KNOXVILLE, Tenn. – The top three lots at Case Antiques Inc.’s auction Oct. 16 – all pottery – totaled $127,650, but the remaining 700 lots were far from afterthoughts for winning bidders and consignors.
The single-owner collection that boasted the 6 1/2-inch-tall red-glazed jar by San Ildefonso Pueblo potter Anthony Edward Tony Da that sold for $35,650 (prices include a 15-percent buyer’s premium), generated additional noteworthy results. Other highlights from that collection included an 11-inch tall San Ildefonso blackware jar by Blue Corn, with geometric designs and silver lid, $3,450; an acrylic on board painting of a Hopi flute player by Helen Hardin (1943-1984), $2,530; a Santa Clara ceramic egg carved with dancing flute players by Joseph Lonewolfe, $920; and a black bear pottery figure accented with turquoise, wood and suede by Dora Tse-Pe, $863.
The Museum of Early Southern Decorative Arts paid $55,200 to acquire a cobalt slip-decorated stoneware churn labeled in cobalt “Kentucky 1836,” which is the earliest known marked piece of Kentucky pottery. The price represents an auction record paid for Kentucky stoneware.
One lot later, the gavel fell at $36,800 for a slip and copper oxide decorated redware jar by Tennessee potter Christopher Alexander Haun (1821-1861). It was not a record for Tennessee pottery (that record was set by Case in 2008 with the sale of a jar by J.A. Lowe), but it was a record for a jar by Haun, one of the state’s most important artisans. Although MESDA had also expressed interest in the Haun jar, it ultimately sold to a private collector.
Fine Art highlights included a watercolor seascape by Maurice Prendergast (1859-1924), recently discovered in East Tennessee, which hammered down for $23,000 (est. $20,000-$30,000). There was strong interest from international bidders on a pair of small canvases, featuring a girl with dog and boy with cat by Edmund Adler (Austrian, 1876-1965). Adler is known for his depictions of children, and these works brought $6,670 and $10,350 respectively. Colored Paper Image XV, by color field artist Ellsworth Kelly (b. 1923) commanded $9,775, and a chrome sculpture by Max Bill (Swiss, 1908-1994), numbered 84/200, went to a Swiss phone bidder for $3,680.
Southern art was in demand. A large and luminous oil on canvas farm landscape by Lloyd Branson (Tennessee, 1853-1925) reaped $17,825, while a portrait of a little girl by noted 19th- century Tennessee portraitist Samuel Shaver brought $7,820. A small portrait of a young child by Carl Gutherz (Swiss/Tennessee, 1844-1907) earned $3,910 (est. $800-$1,200).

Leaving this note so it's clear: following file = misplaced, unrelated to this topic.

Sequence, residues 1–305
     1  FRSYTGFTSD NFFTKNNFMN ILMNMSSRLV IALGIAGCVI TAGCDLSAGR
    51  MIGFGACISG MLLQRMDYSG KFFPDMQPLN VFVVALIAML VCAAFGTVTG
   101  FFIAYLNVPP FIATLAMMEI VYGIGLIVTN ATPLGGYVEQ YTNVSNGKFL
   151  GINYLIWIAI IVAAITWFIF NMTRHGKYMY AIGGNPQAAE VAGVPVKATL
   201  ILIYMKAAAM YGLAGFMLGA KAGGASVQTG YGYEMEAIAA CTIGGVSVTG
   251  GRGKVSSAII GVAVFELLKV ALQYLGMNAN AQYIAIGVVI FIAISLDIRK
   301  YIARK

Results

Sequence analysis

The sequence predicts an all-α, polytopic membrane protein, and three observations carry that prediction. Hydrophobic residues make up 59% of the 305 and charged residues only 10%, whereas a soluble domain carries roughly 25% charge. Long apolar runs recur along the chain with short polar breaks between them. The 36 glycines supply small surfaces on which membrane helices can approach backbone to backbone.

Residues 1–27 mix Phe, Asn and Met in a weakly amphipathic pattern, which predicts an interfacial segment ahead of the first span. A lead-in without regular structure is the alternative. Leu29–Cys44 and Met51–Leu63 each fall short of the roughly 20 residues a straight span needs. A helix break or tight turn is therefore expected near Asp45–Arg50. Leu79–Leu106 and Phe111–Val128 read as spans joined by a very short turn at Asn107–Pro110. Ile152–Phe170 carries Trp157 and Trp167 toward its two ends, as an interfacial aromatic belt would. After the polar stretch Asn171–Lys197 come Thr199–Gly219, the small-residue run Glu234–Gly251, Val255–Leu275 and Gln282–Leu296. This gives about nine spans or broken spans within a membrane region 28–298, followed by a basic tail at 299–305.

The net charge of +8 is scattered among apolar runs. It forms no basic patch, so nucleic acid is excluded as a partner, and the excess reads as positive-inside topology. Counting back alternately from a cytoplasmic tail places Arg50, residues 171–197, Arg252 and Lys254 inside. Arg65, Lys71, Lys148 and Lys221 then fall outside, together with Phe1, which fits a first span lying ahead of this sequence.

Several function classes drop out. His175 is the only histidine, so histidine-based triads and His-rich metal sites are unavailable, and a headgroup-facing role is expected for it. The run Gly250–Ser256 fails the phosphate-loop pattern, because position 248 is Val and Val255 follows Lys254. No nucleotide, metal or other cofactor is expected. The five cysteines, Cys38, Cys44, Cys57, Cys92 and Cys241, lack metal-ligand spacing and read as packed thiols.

“Like Haun, Gutherz is another interesting personality with a Civil War connection,” said company president John Case. “His art studies were disrupted when he joined the Confederate Army, although his talent was put to use working on the design for the ironclad Alabama. He later went on to study with at the Ecole des Beaux Arts in Paris and had a very successful art career.” Works by Gutherz rarely come on the market. This one was bought by a Southern institution.
The auction featured several objects deaccessioned by Historic Belle Meade Plantation in Nashville to benefit the restoration of the collection. Among them was a half-tester bed stamped C. Lee for Charles Lee, a Massachusetts maker of beds for the Southern market, which realized $5,290 despite multiple condition issues, along with a suite of three 19th-century gilt brass argand lamps with etched glass shades, $2,530, and a pair of brass fireplace chenets with eagle and bee design, $2,070. A late 19th-century Tennessee “biscuit table” with a polished stone surface for rolling out dough and a hinged cover for letting it rise sold for $1,610.
A Renaissance Revival dining room table and 14 matching chairs, purchased in the late 19th-century by “merchant prince” C.J. McClung for his Knoxville mansion, served up $7,820, while a Tennessee wardrobe pictured in the book The Art and Mystery of Tennessee Furniture closed at $2,990 and a primitive Tennessee step-back cupboard with glazed two-door top and folky incised star stamped decoration closed at $2,300. A refinished tilt-top cherry candlestand, its top inlaid with a central compass star and edged with leaf and vine inlay, probably Tennessee or Kentucky, topped out at $1,840.
There was steady demand for sterling silver flatware and hollowware, as well as estate jewelry, including a men’s Rolex oyster submariner watch, $4,600, a circa 1930 gold and enamel Cartier pendant watch, $1,265, and its gold chain with engraved links, $1,610. Case said prices of silver and gold on the commodities market were probably a factor. More surprising, however, was an assorted lot of eight late 19th- and early 20th-century copper kettles and molds, which sold for $1,265 against a $250-$350 estimate.
A rare brown and white jacquard woven coverlet from the Maryville (Tenn.) Woolen Mills topped the textiles offerings at $1,840. A Victorian crazy quilt with fan motif earned $575, and a patchwork quilt in a bar pattern that descended in an African American family brought $432.
Other standouts included a Dooling Mercury gas-powered race car, second series, which raced to $1,610; a 1924 baseball World Series scorecard (Washington vs. New York Giants) with several hand signatures, $1,495; a rare flintlock pistol tinder lighter, $977; and an East Tennessee mid-19th-century Bowie knife, $632.
Case is currently accepting consignments for its Winter 2011 Auction, to be held Jan. 22 at the company’s gallery in Knoxville. For information, contact the gallery at (865) 558-3033 or the Nashville office at (615) 812-6096, or visit the website, www.caseantiques.com
ADDITIONAL LOTS OF NOTE